PR is nothing more than putting out the word when something happens, right? Well, that may be the stereotype, but the proper use and implementation of strategic public relations is much more. Strategic PR begins early in the product planning stage, continues in product development, introduction, and evaluation, and helps mold the next generation.
Establishing Development Objectives
Before a product is ever announced and even before it hits the drawing board, strategic PR is establishing the parameters for its development objectives. Through the process of discovery much like market research, but with a stronger technological component, the practitioner measures the status of the industry, identifies niches both filled and void, and defines trends and interests in both marketing and technological arenas. It is also important to determine the needs and thoughts of potential customers and end-users. Trends are also discovered in interviews, by examining trade association programs, and even by reading annual reports.
Often, all these various elements are veiled and unclear, but the strategic PR process weighs all relevant information and discovers the jewels.
Benchmarking – Gathering Baseline Data
The next step is benchmarking – discovering exactly what has been done regarding the new development effort and identifying competitive and complimentary activities. Awareness of competitive efforts can lead a project to the dump heap or can fuel the flames and increase the budgets.
When complimentary efforts are discovered, it is often wise to investigate possible linkages that can further the objectives of all groups involved. Successful cooperative ventures can streamline the development process, uncover funding sources, and provide exposure and access. Less fortuitous collaborations can mire the project in unforeseen problems. One part of the discovery process is to help evaluate the potential problems or benefits of strategic linkages.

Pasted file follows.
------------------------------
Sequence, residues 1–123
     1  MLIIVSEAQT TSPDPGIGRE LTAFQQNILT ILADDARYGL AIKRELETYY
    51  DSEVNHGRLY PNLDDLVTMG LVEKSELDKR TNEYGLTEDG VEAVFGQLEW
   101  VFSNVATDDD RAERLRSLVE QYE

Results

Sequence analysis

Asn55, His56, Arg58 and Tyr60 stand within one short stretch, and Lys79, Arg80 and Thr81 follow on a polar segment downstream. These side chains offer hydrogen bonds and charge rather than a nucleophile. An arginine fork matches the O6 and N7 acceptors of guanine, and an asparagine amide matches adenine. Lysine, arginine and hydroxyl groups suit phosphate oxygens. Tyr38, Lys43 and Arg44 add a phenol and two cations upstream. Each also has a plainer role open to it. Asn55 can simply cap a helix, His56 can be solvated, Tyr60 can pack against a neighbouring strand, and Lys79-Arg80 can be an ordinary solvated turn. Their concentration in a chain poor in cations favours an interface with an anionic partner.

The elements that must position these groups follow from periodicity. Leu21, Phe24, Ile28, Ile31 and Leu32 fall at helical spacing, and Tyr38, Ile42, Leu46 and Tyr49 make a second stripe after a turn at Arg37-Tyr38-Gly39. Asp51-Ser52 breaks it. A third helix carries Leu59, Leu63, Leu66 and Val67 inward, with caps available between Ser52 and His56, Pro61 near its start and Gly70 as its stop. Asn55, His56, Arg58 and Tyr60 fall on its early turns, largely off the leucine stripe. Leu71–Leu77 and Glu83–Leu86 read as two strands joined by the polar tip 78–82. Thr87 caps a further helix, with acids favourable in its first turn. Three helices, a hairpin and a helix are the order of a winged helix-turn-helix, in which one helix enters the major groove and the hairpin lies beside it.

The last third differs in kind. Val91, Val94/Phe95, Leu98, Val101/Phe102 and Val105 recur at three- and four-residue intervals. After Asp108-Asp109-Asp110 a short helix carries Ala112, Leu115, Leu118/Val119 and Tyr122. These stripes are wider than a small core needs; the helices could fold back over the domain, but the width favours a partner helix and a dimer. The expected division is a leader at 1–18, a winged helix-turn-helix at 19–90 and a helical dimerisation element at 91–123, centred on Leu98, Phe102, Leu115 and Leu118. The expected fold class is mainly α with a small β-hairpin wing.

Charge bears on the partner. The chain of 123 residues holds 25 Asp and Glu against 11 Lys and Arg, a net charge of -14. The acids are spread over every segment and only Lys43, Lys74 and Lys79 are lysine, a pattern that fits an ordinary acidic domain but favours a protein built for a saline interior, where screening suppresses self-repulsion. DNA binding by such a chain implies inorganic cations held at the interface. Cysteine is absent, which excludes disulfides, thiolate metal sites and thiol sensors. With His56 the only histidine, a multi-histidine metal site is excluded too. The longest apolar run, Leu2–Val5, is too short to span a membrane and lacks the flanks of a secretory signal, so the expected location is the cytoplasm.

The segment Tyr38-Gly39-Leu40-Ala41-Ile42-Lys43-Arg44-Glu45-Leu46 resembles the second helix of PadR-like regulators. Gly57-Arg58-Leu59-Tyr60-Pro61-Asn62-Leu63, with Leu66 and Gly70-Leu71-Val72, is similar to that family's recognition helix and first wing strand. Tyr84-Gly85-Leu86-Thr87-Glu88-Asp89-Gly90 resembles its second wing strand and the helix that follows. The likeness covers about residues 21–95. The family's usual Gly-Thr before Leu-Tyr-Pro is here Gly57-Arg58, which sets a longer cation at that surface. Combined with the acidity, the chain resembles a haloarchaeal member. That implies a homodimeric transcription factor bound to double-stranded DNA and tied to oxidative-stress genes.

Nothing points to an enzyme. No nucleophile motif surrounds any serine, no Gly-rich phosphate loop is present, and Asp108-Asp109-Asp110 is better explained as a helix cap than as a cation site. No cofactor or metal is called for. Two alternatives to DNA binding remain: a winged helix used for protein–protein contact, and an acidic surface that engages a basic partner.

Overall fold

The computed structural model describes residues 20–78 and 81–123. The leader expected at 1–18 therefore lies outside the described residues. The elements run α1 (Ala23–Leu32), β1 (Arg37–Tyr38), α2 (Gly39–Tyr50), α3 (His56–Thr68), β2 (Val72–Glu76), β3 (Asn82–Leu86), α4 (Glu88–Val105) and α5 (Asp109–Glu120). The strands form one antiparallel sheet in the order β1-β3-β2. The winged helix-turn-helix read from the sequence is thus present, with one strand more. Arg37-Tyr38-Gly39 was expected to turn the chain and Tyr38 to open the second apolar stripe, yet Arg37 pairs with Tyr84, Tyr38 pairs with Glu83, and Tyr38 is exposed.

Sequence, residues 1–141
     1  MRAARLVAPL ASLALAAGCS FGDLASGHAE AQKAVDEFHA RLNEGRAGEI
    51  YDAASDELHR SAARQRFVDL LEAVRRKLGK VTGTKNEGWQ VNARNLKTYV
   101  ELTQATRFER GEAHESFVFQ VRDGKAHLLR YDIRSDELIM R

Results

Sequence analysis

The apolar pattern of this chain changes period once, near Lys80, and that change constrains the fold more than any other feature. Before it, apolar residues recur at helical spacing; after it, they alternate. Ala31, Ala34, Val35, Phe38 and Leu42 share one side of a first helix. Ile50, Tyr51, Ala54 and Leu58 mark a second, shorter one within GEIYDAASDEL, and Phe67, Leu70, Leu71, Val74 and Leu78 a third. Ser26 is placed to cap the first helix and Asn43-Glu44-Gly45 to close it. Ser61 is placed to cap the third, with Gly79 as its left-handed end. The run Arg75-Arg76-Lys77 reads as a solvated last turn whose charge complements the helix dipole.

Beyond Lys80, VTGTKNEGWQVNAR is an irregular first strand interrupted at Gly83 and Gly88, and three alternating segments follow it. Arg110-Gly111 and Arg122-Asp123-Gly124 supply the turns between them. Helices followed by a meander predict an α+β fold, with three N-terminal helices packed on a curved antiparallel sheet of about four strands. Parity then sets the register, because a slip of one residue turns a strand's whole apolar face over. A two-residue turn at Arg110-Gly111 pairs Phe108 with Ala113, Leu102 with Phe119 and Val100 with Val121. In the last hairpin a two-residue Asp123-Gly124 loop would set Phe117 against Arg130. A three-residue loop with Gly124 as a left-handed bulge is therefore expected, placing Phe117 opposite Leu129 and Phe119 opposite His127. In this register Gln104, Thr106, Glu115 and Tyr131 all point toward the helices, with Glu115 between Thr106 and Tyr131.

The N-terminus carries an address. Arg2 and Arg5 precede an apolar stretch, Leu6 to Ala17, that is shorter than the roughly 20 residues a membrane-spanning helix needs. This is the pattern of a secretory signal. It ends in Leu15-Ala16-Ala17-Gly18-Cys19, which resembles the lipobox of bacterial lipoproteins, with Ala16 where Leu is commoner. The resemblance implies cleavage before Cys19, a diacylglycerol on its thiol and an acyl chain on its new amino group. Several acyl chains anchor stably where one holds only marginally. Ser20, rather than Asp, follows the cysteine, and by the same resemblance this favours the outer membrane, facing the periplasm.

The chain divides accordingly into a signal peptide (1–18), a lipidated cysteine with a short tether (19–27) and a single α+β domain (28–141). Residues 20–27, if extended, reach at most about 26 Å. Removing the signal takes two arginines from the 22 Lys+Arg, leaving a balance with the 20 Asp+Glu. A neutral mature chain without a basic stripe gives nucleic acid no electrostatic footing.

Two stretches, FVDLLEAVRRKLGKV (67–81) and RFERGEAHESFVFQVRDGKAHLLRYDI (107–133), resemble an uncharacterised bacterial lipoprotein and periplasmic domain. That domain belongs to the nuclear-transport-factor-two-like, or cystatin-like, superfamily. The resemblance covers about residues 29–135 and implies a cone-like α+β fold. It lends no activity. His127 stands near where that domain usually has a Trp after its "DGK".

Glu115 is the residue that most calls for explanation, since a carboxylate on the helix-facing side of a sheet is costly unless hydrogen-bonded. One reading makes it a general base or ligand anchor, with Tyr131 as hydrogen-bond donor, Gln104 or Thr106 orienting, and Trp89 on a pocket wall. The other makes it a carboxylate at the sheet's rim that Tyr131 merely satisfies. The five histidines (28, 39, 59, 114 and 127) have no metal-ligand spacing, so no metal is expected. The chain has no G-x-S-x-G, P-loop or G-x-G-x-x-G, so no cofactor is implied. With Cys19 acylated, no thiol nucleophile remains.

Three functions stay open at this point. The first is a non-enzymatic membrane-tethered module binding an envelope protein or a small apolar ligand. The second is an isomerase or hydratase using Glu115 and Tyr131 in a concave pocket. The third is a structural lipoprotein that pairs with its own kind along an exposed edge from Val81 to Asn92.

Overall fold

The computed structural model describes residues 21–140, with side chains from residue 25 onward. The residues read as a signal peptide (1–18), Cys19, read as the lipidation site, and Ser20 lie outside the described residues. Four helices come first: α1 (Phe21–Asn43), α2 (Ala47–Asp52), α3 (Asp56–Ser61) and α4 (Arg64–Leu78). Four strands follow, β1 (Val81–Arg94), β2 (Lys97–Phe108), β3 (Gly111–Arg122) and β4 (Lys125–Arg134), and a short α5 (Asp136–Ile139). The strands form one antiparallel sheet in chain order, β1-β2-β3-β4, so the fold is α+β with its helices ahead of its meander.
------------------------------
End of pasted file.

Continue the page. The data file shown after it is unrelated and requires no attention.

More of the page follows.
PR and The Development Process
It has been said that product development should begin with the writing of a press release. Therefore, designers and developers should have a clear idea of market demand, what consumers expect in a new product, and how it should be “packaged” before pencil is ever put to paper (or pen to digitizing tablet, perhaps).
PR Goes Hand-In-Hand With Product Development
Introducing a new product, including the behind-the-scenes PR that prepares the media, the consultants, and other influential parties, must go hand-in-hand with the new product’s development process. To overlook this necessity ignores the time-span required for introducing the product, for insinuating the need or defining the new market, and for suggesting appropriate applications – in other words, preparing the field for play, so that demand already exists when the new product arrives on the scene. There is a significant payback to that because it directly influences potential cashflow by shortening the time to sales closure.
Active PR Informs, Measures and Reacts
The active PR process is one of the best mechanisms for measuring the effectiveness and success of new products. The PR manager can play a major role in placing beta and review copies of products and in targeting the results of those reviews for maximum impact. The amount and placement of press coverage, the editorial commentary, and the customer response that may be incorporated into news articles all provide important information to the company. Management can use this information as direct feedback and as a springboard to perform follow-up to broaden the experience.
Bringing the PR process full circle, the results of early and mid-course public relations activities can help the company make minor course corrections after introduction to increase the acceptance and success of the product, and can help shape future product planning.
So, who said PR is just putting out the word?
That is only one small facet of the complex strategic PR process that wise companies employ.
Photo shot on location in Buenos Aires by me. (c) 2013